* Do they have access to the required knowledge base to undertake their role in the project?
* Have the risk factors been reviewed and does a change and risk management plan exist (both problematic and technical)?
Knowing the answers to these questions will go a long way to ensuring that the perioperative manager will have the confidence to take control of their project role as well as being able to communicate the project goals and objectives to other team members and their staff.
The perioperative manager's role in the early design and development phases
During the early design and development phases of the project the perioperative manager will need to understand and develop a management plan for the areas of the project in which they will have a direct or indirect input. This plan is important to ensure that they are aware of the projects needs and required timelines during each phase. These areas of the project are (Schiavello Group 2008):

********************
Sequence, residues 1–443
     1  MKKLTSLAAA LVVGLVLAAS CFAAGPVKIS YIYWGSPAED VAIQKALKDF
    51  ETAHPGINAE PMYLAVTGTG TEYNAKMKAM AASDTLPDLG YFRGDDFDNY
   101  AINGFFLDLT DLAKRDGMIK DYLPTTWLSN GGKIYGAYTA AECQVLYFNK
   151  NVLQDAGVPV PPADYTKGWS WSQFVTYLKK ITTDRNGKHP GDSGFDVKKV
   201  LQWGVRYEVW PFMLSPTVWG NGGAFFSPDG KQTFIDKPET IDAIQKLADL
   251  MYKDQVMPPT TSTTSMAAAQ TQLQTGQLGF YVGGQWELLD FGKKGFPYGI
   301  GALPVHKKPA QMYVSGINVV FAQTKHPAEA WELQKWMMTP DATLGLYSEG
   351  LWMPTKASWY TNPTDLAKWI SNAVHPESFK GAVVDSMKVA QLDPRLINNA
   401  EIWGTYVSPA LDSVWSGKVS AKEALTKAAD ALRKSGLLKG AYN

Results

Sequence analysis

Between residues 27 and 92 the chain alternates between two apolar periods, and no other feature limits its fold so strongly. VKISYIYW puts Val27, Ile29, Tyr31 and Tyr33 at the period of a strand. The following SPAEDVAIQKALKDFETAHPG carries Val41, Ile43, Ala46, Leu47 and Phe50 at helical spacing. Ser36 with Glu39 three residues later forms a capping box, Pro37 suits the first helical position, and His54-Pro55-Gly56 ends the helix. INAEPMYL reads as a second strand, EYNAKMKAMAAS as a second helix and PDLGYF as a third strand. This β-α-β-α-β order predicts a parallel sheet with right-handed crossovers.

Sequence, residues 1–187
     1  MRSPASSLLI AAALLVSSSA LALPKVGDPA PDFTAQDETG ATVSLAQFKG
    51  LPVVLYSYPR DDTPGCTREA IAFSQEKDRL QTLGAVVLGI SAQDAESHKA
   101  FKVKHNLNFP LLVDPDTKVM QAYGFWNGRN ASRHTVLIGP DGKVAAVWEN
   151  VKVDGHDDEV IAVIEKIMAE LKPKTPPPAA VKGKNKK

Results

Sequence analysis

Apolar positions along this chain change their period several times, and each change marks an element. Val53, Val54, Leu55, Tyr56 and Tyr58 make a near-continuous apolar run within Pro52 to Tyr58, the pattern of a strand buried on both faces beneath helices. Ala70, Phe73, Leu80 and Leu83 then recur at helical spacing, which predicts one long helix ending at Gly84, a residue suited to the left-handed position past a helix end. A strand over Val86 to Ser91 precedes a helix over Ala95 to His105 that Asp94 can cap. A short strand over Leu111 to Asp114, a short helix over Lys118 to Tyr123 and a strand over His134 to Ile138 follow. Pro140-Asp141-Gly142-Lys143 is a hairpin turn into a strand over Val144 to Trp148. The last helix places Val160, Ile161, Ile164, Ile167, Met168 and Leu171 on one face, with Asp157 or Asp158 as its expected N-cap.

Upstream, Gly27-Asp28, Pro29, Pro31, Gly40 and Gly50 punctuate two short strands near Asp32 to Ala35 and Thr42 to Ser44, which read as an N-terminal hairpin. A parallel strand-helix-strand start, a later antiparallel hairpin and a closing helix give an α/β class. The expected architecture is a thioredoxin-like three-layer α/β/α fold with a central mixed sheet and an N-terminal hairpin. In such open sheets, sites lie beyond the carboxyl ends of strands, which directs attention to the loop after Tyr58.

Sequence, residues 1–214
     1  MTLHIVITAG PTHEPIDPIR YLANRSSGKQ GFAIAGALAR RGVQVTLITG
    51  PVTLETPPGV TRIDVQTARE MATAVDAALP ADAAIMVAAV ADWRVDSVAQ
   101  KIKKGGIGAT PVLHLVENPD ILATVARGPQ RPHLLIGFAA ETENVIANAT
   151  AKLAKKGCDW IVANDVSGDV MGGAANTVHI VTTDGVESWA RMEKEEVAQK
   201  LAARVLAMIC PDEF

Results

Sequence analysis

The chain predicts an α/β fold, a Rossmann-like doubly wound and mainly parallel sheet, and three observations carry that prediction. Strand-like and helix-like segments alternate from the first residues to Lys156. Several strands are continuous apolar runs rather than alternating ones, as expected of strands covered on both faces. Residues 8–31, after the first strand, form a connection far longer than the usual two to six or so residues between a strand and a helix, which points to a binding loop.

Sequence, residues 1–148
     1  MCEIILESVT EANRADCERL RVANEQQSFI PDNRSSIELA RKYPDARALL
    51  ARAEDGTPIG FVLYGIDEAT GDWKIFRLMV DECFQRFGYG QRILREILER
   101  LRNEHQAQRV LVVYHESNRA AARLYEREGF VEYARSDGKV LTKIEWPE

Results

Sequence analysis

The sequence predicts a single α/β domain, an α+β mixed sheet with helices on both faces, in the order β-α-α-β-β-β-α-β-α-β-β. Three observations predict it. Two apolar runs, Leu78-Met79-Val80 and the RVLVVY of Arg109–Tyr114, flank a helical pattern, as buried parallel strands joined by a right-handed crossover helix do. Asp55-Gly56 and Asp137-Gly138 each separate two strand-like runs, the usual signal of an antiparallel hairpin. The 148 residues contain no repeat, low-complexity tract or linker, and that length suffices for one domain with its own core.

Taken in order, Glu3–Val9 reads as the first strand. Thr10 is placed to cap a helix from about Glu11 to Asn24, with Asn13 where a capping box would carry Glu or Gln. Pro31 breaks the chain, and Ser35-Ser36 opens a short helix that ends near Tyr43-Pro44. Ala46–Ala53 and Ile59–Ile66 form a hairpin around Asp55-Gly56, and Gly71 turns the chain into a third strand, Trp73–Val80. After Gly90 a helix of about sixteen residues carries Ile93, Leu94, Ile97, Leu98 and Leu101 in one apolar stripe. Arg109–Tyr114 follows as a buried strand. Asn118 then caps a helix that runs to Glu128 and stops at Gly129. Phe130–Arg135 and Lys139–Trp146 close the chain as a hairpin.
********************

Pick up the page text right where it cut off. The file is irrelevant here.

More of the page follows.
* Design consulting
* Inventory of existing equipment within your areas
* Move management and equipment life cycle reviews
* Equipment planning and budget analysis
* Equipment reviews and pre purchase assessments
* Equipment specifications and layouts
* Schedule development
* Procurement management and planning
* Milestone schedules for delivery and installation of equipment
* Warehouse and installation / relocation management
* Occupancy planning schedules
* Coordination of in-service education
* Product assessment
All of these areas are important components of the project. They must all be understood and managed to ensure that the project life cycle is kept on time, on budget and as specified.
How fast this process will be undertaken will depend on the size of the project and the building schedule. Communication within the team and the development of agreed schedules and responsibility matrices are essential to helping maintain a smooth process.
Do we have a volunteer?